(CNN) - David Axelord, senior strategist for President' Obama's re-election campaign, sat down with CNN Chief National Correspondent John King to sound off on the Republican field of presidential contenders ahead of the 2012 GOP presidential debate Monday night. Below is some of what he had to say. Watch the full interview on CNN's "John King, USA" at 7 p.m. ET and tune in for the presidential debate at 8 p.m. ET on CNN.
Minnesota Rep. Michele Bachmann: "I think that she obviously has tremendous amount of appeal to the grassroots of her party. She raised a fantastic amount of money last year for her congressional race so she's got a following. I think she'll, she's got great appeal in the state of Iowa, which is where this process begins. And if she wins there, she could go far in the process."
Former Godfather's Pizza CEO Herman Cain: "I don't know him very well. I've seen him on television and so on. I do think it's hard to make the leap because experience does matter. I understand this argument and it's better not to be someone who has an experience in public life. But we'll see if people buy that."
Former House Speaker Newt Gingrich: "Well it's interesting to hear him say that he wants, he's running because he's the guy who can change Washington. He's been such an interesting and sometimes polarizing figure in this town for the last 20 years. And I think what people are looking for is actually leaders who will rise above those kinds of partisan divisions and fierce partisan warfare at all times and look for places where we agree."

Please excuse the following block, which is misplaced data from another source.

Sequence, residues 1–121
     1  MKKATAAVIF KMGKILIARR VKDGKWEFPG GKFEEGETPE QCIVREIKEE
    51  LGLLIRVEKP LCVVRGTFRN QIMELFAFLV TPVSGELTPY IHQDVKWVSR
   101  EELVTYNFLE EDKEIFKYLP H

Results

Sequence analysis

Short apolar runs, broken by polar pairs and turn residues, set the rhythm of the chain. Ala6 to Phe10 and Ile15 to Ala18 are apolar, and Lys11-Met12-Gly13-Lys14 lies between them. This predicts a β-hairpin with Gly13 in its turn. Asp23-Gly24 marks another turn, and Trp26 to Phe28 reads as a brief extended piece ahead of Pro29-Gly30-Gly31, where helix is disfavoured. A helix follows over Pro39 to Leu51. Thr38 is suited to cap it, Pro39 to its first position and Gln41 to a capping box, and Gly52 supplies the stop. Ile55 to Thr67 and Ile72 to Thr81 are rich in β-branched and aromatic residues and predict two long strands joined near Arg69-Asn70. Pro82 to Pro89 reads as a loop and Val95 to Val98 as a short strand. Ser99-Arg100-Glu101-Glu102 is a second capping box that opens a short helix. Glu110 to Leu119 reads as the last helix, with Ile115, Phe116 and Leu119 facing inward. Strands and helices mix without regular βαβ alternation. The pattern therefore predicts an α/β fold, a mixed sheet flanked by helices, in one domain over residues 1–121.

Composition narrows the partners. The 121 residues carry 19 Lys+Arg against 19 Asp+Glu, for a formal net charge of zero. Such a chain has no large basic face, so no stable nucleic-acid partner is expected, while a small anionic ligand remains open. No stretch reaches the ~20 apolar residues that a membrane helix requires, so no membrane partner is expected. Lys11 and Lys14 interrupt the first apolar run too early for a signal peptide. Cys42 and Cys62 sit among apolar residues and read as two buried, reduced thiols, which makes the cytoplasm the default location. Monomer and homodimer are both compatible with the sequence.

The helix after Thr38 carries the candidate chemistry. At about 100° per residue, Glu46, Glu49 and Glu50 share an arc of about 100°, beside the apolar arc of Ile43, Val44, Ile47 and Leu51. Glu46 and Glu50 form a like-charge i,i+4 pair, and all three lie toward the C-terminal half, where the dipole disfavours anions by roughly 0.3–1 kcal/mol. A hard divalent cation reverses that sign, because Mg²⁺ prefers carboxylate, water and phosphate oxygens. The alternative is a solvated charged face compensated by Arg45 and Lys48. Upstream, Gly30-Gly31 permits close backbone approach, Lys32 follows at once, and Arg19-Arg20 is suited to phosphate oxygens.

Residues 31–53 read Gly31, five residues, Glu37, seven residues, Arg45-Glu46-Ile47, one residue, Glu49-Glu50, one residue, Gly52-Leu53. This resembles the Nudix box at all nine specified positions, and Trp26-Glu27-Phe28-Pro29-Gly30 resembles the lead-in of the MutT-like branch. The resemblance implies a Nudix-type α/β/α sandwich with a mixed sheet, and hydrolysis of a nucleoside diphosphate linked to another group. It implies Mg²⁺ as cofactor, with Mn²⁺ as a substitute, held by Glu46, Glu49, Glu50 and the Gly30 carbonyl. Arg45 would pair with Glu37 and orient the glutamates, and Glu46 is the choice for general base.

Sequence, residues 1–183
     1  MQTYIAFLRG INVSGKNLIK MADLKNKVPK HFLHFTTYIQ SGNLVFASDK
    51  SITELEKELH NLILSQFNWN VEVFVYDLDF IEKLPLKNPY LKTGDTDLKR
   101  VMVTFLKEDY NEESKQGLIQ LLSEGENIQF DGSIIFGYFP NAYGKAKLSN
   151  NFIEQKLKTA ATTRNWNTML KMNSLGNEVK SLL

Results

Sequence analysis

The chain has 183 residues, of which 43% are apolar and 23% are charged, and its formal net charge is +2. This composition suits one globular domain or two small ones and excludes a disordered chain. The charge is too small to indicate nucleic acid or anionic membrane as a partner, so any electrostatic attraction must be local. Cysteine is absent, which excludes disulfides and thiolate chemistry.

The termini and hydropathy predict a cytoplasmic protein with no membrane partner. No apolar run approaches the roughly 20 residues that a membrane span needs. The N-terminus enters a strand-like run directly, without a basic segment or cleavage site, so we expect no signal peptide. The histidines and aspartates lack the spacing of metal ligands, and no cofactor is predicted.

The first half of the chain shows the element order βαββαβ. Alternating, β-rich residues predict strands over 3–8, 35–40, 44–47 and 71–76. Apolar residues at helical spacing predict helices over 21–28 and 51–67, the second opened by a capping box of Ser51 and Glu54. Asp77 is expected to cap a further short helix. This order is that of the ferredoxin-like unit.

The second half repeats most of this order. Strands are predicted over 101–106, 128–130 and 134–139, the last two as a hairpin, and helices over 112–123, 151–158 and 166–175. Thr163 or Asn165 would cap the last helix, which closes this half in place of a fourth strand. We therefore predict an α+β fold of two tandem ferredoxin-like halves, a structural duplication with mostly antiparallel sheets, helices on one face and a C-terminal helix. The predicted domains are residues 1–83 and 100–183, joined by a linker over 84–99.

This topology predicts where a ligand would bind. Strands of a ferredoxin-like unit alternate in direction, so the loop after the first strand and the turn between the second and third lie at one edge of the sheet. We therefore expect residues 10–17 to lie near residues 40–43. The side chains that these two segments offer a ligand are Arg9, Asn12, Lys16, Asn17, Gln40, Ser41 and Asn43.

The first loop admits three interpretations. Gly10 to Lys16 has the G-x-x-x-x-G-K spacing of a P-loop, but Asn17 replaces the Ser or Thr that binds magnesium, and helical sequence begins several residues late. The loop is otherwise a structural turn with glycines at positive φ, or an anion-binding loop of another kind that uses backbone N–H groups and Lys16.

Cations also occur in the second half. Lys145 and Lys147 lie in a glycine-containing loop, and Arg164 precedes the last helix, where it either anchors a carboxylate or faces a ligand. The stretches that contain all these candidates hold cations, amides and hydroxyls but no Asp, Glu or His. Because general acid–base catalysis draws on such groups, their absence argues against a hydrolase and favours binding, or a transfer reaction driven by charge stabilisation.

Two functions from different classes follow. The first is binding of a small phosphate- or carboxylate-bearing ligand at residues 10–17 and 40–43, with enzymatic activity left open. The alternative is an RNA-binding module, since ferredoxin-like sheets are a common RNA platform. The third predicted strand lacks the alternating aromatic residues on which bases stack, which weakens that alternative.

Texas Rep. Ron Paul: "He's an interesting guy. I will say this, he has, he has distinctive views and he's been consistent in those views. And he, too, has a following."
Former Minnesota Gov. Tim Pawlenty: "Well you know again he, he is new to the national scene. I did hear his speech on the economy … There was a question of standing. Can you leave your state with a $6.2 billion deficit and then moralize about fiscal responsibility. And I think you know everyone who runs for president learns that they have to end up confronting their own, their own statements, their own record, and so on."
Former Massachusetts Gov. Mitt Romney: "Well I do think that the experience of having run before matters and you know he's been running for president for what six seven years now so that's a lot of experience, and a lot of contacts generated, familiarity and that's all his benefit. There too though it's not what you say, it's what you've done and when he was governor of Massachusetts, Massachusetts was 47th in the nation in job creation. I don't know that that qualifies you as an oracle on how to revive the economy and so he'll have to explain why that was and why Massachusetts lagged the nation when he was governor in job creation."
Former Pennsylvania Sen. Rick Santorum: "He has to go and present that case to the American people [responding to his criticism of the president's domestic and economic policies]. I think the American people look at this president and they see a guy with very strong personal values, a good father, a good family man, someone who's caring and I don't think that they think that at all. Now there may be some small faction within the Republican Party that will respond to that and that may be his play in this. But as a matter of winning a national election I don't see that as a very constructive or successful message."